Banks Still Preying on Social Security Recipients

Submitted by SadInAmerica on Thu, 07/17/2008 - 12:33pm.

Over a 12-month period, the nation's banks garnished more than $170 million in federal benefits such as Social Security and disability payments on behalf of creditors, even though federal law specifically prohibits the practice, according to a new report by the Inspector General of the Social Security Administration (SSA).

A Spreading Crisis

Last November, I wrote
a column about the problem, in which banks freeze the accounts - sometimes repeatedly -- remove the funds, and hit the account holder with non-refundable fees. For one in five seniors, Social Security is their only income, and for two-thirds of retirees, it accounts for most of their income.

The issue began back in the mid-1990s, when the government mandated direct deposit of federal benefits to save money. As of last December, the SSA had electronically deposited more than 80 percent of Social Security and disability payments. The crisis has mushroomed amid rising consumer debt levels, and the growth of third-party debt buyers who flood the civil courts with claims and exploit advanced technology to track debtors.

Last year, several senators asked the SSA Inspector General to investigate the scope of the problem, and it
published the audit earlier this month. "We estimate approximately $171.4 million in garnishments could be attributable to beneficiaries receiving direct deposit of Social Security benefits and additional direct deposits," the report states. Another $6.3 million was deducted from accounts that only contained Social Security benefits.

Worst-Case Scenarios Only

The Inspector General polled a small sample of 25 financial institutions, which included the nation's 12 largest banks (although they weren't named). The report looked at the worst-case scenario - seniors whose funds had disappeared. It didn't examine how many seniors had their accounts frozen and later gained access to their funds through administrative or legal appeal.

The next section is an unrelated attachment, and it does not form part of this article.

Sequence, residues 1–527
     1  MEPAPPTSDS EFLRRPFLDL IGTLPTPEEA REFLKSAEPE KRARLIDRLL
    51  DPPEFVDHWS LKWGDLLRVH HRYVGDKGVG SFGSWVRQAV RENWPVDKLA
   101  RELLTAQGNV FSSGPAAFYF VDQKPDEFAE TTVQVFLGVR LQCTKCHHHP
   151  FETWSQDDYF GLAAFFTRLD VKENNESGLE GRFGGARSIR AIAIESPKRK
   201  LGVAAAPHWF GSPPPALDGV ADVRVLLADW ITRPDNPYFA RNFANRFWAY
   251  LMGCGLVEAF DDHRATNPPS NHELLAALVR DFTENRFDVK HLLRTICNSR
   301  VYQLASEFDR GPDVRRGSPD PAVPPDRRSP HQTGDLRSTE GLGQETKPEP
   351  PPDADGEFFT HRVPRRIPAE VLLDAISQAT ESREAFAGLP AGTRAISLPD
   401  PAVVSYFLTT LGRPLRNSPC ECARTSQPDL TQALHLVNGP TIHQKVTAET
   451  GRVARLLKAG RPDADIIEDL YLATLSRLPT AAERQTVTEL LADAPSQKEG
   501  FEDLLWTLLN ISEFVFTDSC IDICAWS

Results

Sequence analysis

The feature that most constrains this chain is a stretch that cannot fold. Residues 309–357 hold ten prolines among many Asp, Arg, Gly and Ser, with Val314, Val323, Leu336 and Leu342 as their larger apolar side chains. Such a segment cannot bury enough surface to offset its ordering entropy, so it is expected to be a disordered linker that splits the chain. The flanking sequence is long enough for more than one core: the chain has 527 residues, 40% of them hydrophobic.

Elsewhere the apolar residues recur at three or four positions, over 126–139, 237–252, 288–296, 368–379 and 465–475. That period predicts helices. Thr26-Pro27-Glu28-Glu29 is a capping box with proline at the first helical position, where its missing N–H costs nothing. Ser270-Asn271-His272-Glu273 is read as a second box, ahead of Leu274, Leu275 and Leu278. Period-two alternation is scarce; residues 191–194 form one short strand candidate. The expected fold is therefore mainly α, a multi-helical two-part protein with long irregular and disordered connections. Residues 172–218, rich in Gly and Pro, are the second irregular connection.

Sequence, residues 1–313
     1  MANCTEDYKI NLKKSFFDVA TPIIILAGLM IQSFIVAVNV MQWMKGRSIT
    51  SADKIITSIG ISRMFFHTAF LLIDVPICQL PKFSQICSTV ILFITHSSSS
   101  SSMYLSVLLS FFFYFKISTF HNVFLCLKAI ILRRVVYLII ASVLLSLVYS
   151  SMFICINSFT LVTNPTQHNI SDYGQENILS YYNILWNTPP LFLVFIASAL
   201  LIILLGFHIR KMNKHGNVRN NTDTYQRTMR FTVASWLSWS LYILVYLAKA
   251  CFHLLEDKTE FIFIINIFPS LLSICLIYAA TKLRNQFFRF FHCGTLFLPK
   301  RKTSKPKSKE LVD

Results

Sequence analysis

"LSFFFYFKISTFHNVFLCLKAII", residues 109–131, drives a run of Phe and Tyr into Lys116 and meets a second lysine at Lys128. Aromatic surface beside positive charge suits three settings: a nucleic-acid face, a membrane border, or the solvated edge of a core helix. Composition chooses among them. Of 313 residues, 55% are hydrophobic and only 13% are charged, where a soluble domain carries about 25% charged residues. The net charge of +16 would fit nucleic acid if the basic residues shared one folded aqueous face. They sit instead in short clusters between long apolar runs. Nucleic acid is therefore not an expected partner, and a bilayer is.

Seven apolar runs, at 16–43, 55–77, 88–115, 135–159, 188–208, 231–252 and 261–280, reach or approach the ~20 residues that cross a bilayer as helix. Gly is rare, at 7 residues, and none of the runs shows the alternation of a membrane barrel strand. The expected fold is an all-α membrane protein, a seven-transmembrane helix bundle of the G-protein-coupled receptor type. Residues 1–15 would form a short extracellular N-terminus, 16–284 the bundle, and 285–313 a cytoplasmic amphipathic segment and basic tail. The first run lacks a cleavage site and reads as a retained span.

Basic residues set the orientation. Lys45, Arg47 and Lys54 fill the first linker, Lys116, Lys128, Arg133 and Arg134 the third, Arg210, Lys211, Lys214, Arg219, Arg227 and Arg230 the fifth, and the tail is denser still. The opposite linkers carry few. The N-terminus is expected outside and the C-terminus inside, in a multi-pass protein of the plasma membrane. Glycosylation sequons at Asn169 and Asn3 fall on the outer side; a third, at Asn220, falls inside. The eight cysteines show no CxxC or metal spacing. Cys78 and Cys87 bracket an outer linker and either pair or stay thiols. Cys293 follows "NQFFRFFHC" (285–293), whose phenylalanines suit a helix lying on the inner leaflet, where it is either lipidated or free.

"A good proportion of people who are doing without temporarily -- and that may be days, weeks, or months -- are not even captured in the [report]," says Margot Saunders, counsel with the National Consumer Law Center (NCLC), who
testified before the House Ways and Means Committee on the issue in June.

Meanwhile, banks charge non-refundable fees of $100 to $150 to freeze the account, and often overdraft fees, because the seniors continue to write checks or make debit payments without realizing the money has been frozen. Seventeen banks that responded to the SSA Inspector General's audit reported collecting just over $1 million in fees for legal processing and non-sufficient funds between September 2006 and September 2007.

Regulatory Confusion

Why do some banks violate the Social Security Act? Although consumer advocates say that the federal law is clear, and electronic deposits are easy to track, industry representatives disagree. "When you're talking about volume and subjectivity, it's much harder than it seems," says Nessa Feddis, vice president and senior counsel for the American Bankers Association in Washington, D.C.
 
Feddis says debt collectors hit the large banks with up to 6,000 default judgments a month, which require a response by a specific deadline. Moreover, federal law does allow Social Security benefits to be garnished for alimony or child support, and the banks can't always tell whether the judgment is for that purpose, she says. If they decline to freeze the account, they can be held liable for ignoring the state court order.